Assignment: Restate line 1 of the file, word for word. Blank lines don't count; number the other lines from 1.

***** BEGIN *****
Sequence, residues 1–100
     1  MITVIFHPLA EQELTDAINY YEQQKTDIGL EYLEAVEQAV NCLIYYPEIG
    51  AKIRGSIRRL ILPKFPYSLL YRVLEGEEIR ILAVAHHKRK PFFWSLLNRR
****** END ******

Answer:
Sequence, residues 1–100